Locally grown loofah sponges are inexpensive but their popularity has waned over other varieties of sponges imported from Egypt.
Several Lebanese families, for instance, remain attached to using the loofah sponges.
What makes this plant amazing: Edwards tried growing a loofah - yes, those spongelike things you scrub your back with - from seeds last year.
Since loofah are gourds - related to squash, melon and cucumber - Edwards has even eaten a few, which she says are ``kind of cucumber-y'' in flavor.
She notes that the chain sells some loofahs (which resemble marine sponges but are actually made from edible gourds) and back scrubbers, but Corner's elderly clientele isn't as interest in the product as young people.
is making a name for itself in accessories with body brushes, loofahs and sponges.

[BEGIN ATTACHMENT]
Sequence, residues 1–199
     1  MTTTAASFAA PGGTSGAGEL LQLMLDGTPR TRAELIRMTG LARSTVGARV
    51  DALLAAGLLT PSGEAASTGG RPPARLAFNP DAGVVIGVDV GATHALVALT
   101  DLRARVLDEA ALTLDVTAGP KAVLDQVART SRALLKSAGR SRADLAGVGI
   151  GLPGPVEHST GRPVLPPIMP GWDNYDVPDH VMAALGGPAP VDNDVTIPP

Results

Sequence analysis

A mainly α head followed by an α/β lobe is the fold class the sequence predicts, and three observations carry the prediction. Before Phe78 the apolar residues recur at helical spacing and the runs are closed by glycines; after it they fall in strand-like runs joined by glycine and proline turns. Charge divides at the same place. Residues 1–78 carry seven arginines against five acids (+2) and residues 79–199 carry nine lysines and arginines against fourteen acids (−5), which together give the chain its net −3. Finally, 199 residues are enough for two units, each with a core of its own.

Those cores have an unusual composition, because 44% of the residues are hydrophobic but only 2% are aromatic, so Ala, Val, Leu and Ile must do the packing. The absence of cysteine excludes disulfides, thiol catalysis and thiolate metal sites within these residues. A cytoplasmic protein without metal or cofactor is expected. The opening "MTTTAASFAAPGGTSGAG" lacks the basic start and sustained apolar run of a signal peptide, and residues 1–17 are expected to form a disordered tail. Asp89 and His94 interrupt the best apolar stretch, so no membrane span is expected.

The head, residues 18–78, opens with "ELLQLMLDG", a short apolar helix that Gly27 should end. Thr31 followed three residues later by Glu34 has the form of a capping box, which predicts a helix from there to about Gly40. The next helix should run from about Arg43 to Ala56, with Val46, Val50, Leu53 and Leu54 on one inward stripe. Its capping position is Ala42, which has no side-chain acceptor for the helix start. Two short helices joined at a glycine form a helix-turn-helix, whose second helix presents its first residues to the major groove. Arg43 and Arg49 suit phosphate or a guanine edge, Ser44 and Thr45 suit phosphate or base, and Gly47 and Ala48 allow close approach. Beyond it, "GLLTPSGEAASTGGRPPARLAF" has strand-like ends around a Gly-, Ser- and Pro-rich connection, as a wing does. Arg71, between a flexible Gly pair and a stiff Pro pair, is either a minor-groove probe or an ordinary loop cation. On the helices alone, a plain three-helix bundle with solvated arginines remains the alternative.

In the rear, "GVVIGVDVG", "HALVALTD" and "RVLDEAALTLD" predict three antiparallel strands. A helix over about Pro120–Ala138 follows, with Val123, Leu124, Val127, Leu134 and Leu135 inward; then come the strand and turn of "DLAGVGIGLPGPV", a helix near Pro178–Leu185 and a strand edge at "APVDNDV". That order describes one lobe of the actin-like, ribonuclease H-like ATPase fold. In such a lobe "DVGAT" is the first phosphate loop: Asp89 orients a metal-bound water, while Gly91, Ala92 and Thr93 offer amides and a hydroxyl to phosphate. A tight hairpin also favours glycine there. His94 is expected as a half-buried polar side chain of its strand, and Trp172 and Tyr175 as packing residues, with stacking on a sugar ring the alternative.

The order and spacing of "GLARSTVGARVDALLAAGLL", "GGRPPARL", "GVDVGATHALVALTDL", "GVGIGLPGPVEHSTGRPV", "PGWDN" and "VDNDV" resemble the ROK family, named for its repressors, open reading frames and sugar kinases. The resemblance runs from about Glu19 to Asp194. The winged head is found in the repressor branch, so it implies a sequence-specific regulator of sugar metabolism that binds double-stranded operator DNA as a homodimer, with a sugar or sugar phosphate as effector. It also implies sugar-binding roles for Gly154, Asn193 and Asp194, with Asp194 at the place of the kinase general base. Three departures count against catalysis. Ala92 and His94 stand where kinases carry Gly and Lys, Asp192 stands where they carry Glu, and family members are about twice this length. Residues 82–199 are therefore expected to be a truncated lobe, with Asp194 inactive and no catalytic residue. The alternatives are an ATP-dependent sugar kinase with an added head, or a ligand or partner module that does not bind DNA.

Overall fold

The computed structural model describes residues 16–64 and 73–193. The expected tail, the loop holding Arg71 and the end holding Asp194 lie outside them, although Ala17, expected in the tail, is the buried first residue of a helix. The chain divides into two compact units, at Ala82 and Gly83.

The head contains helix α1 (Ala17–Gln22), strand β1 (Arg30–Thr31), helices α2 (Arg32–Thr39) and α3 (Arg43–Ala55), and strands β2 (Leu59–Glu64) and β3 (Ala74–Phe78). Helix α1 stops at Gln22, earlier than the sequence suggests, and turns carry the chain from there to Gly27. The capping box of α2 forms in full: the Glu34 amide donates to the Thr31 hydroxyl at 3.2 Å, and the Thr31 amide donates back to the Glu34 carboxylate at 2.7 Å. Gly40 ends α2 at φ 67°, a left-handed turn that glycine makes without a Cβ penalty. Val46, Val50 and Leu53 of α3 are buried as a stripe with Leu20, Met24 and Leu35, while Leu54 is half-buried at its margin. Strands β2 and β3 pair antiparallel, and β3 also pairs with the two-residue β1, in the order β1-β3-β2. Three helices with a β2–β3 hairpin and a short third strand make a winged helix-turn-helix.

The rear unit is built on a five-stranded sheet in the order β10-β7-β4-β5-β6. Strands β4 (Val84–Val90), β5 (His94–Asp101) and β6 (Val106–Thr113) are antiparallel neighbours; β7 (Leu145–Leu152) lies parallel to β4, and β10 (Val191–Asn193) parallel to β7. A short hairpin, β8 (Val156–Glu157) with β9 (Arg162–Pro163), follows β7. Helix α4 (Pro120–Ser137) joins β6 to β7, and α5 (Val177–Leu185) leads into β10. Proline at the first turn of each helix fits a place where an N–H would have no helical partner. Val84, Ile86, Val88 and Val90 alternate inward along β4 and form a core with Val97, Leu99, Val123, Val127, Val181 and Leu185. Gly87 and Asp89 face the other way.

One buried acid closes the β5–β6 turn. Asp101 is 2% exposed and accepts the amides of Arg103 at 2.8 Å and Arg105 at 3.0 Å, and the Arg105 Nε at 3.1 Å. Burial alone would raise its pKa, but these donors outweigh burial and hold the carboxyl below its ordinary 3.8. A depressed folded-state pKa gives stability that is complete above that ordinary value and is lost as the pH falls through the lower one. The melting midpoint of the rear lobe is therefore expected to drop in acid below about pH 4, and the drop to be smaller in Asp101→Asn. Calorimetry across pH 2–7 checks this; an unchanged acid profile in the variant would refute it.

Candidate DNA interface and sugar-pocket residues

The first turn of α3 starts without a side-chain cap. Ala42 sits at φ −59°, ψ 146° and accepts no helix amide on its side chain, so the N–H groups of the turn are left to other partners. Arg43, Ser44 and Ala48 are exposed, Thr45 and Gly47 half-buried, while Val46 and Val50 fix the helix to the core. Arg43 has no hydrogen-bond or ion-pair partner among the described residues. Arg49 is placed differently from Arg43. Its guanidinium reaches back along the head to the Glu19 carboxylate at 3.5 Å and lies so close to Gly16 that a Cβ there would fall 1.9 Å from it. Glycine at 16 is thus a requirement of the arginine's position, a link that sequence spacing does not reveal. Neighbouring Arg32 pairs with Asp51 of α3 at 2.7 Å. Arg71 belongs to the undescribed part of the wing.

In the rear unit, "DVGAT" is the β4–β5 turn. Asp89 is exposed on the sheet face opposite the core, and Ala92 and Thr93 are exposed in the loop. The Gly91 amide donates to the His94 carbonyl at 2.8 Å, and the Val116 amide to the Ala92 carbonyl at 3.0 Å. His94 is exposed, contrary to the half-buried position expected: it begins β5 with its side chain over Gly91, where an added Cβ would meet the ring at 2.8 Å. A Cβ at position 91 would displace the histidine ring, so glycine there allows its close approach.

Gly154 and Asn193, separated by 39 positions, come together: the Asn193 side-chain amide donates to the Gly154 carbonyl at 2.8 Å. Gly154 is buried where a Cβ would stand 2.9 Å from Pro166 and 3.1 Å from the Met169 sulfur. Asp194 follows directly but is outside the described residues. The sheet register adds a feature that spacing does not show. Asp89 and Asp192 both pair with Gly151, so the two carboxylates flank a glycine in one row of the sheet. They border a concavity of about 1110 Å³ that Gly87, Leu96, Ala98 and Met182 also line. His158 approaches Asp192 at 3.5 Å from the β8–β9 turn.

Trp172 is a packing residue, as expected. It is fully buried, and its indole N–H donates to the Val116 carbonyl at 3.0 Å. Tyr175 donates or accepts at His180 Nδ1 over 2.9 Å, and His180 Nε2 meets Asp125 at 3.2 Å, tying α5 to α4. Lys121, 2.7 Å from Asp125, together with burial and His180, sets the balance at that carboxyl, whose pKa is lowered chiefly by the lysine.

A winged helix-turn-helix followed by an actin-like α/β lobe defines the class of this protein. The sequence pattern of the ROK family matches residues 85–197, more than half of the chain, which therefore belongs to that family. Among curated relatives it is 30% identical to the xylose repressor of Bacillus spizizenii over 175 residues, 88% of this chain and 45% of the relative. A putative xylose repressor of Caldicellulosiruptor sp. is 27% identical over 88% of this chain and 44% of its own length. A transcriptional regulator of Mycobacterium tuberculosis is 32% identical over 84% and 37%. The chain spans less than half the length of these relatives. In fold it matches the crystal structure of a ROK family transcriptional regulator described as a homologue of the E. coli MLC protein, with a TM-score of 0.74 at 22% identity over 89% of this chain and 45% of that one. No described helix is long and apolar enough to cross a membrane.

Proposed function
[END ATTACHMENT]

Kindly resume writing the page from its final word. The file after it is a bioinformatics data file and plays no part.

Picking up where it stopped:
Resembling loofahs, these mitts can be used to exfoliate with wet or dry skin.
And you've got this many loofahs,'' she said, waving her arm toward the fruit-laden vine.
The Mayans were the first to cultivate loofahs as long as 500 years ago; they used the young fruits for food and medicine and the dry gourds for scrubbers, fibrous mats and other uses.
Navy used loofahs for filters in steam engines, and the Army used them to wipe down Jeep windshields; Army surgeons used loofahs as surgical sponges.
While loofahs are grown throughout the world, in conjunction with regional agricultural universities and private industry the company has pursued development of an American loofah source since 1988.
The Missouri-based firm, founded in 1915, pioneered loofah distribution to the mass market in the 1970s, calling attention to the product's skin conditioning benefits.
Features to personalize bathing have been added to some Lady Elizabeth loofahs.
Though loofahs look like sponges, they are actually the "skeletons" of certain gourds.
Also featured by the company are loofahs, deep-sea sponges and sisal mitts (which are softer than loofahs).